Masonry infill walls are inevitable in the selfsupporting structures, but their contribution in the resistance to earthquake loads is generally neglected in the structural analyses. The principal aim of this work through a numerical study of masonry infill walls behavior in structures subjected to horizontal load is to propose by finite elements numerical modeling, a more reliable approach, faster and close to reality. In this study, 3D Finite Element Analysis was developed to study the behavior of masonry infill walls in structures subjected to horizontal load; the finite element software being used was ABAQUS, it is observed that more rigidity of the masonry filling is significant, more the structure is rigid, we can so conclude that the filling brings an additional rigidity to the structure not to be neglected; it is also observed that when the framework is subjected to horizontal loads, the framework separates from the filling on the level of the tended diagonal.

Keywords: Finite element, Masonry infill walls, Rigidity of the masonry, Tended diagonal.

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173 Instability of Ties in Compression

Authors: T. Cornelius

Abstract:

Masonry cavity walls are loaded by wind pressure and vertical load from upper floors. These loads results in bending moments and compression forces in the ties connecting the outer and the inner wall in a cavity wall. Large cavity walls are furthermore loaded by differential movements from the temperature gradient between the outer and the inner wall, which results in critical increase of the bending moments in the ties. Since the ties are loaded by combined compression and moment forces, the loadbearing capacity is derived from instability equilibrium equations. Most of them are iterative, since exact instability solutions are complex to derive, not to mention the extra complexity introducing dimensional instability from the temperature gradients. Using an inverse variable substitution and comparing an exact theory with an analytical instability solution a method to design tie-connectors in cavity walls was developed. The method takes into account constraint conditions limiting the free length of the wall tie, and the instability in case of pure compression which gives an optimal load bearing capacity. The model is illustrated with examples from praxis.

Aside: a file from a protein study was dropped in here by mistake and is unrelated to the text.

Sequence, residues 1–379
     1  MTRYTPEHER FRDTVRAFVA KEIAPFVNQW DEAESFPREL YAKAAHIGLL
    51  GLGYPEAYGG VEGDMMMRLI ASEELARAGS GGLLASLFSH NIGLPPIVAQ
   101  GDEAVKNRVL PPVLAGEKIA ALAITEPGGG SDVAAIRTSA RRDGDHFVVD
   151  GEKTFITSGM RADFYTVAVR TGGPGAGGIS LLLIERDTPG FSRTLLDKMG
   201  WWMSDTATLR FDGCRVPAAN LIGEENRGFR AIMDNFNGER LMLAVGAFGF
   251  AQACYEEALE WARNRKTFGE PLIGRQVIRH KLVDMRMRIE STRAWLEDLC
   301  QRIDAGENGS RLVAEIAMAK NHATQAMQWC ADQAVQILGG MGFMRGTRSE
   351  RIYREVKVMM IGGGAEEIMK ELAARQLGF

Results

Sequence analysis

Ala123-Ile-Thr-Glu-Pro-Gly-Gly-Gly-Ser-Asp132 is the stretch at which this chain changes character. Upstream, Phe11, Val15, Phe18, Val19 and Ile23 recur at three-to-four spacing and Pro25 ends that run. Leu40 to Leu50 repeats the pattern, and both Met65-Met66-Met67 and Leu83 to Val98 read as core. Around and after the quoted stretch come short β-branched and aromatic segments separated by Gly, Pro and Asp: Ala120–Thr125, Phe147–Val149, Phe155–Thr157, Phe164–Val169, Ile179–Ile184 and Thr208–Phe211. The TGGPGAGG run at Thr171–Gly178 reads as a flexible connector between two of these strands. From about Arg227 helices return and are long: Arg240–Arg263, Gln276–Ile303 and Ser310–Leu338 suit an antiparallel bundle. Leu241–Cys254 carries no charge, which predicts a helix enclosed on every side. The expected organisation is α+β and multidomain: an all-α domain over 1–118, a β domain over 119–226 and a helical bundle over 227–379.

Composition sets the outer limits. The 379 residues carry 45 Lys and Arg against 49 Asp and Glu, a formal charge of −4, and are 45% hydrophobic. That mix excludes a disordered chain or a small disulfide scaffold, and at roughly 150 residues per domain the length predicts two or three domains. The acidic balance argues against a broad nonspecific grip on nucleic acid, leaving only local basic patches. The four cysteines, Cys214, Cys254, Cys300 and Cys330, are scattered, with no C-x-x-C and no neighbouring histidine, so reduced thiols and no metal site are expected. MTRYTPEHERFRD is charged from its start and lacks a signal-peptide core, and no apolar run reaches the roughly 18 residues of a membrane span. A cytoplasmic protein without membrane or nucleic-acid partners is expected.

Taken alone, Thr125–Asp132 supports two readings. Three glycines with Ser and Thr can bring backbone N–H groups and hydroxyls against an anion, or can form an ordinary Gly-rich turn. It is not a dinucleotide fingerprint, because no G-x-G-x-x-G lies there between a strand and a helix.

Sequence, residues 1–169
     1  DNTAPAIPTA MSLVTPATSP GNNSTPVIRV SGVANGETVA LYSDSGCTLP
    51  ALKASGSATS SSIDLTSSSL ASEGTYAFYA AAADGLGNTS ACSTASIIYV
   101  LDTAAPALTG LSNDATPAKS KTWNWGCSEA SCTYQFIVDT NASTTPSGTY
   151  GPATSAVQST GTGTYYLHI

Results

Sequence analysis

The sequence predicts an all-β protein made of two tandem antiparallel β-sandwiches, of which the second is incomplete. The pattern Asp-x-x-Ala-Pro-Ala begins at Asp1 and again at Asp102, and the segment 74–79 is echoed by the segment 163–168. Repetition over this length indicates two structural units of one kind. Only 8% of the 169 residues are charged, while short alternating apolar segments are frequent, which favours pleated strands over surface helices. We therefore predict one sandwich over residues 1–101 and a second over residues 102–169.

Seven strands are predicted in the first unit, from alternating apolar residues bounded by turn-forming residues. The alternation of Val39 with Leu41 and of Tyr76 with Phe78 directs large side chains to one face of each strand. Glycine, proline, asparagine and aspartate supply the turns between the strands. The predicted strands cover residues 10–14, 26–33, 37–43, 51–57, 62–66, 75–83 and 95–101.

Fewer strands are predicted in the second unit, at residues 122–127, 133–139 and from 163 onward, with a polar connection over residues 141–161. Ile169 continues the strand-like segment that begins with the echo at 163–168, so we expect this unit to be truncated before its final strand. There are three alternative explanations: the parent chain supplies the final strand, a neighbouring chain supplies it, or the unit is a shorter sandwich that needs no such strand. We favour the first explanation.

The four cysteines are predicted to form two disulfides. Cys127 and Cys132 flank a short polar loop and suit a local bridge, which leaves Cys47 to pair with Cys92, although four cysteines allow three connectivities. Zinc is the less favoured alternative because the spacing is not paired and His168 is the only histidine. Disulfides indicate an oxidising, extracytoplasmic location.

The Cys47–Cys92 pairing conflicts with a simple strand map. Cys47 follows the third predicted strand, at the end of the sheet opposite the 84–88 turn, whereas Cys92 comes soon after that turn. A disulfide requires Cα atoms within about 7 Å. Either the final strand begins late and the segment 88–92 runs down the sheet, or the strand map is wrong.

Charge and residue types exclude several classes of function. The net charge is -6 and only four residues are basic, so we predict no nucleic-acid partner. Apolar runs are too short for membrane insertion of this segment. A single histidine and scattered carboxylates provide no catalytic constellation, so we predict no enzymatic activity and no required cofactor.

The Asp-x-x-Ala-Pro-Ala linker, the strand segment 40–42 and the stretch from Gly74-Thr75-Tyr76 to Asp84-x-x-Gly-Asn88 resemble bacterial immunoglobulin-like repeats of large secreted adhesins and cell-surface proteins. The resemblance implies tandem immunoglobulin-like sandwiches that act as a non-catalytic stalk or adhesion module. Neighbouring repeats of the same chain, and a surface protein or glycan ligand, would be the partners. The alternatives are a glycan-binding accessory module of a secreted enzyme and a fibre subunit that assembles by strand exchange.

Keywords: Masonry, tie connectors, cavity wall, instability, differential movements, combined bending and compression.

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172 Some Factors Affecting the Compressive Behaviour of Structural Masonry at Small Scales

Authors: A. Mohammed, T. G. Hughes

Abstract:

This paper presents part of a research into the small scale modelling of masonry. Small scale testing of masonry has been carried out by many authors, but few have attempted a systematic determination of the parameters that affect masonry at a small scale. The effect of increasing mortar strength and different sand gradings under compression were investigated. The results show masonry strength at small scale is influenced by increasing mortar strength and different sand gradings.

Keywords: Compression, masonry, models, mortar, sand gradings

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171 Seismic Performance of Masonry Buildings in Algeria

Authors: F. Lazzali, S. Bedaoui

Abstract:

Structural performance and seismic vulnerability of masonry buildings in Algeria are investigated in this paper. Structural classification of such buildings is carried out regarding their structural elements. Seismicity of Algeria is briefly discussed. Then vulnerability of masonry buildings and their failure mechanisms in the Boumerdes earthquake (May, 2003) are examined.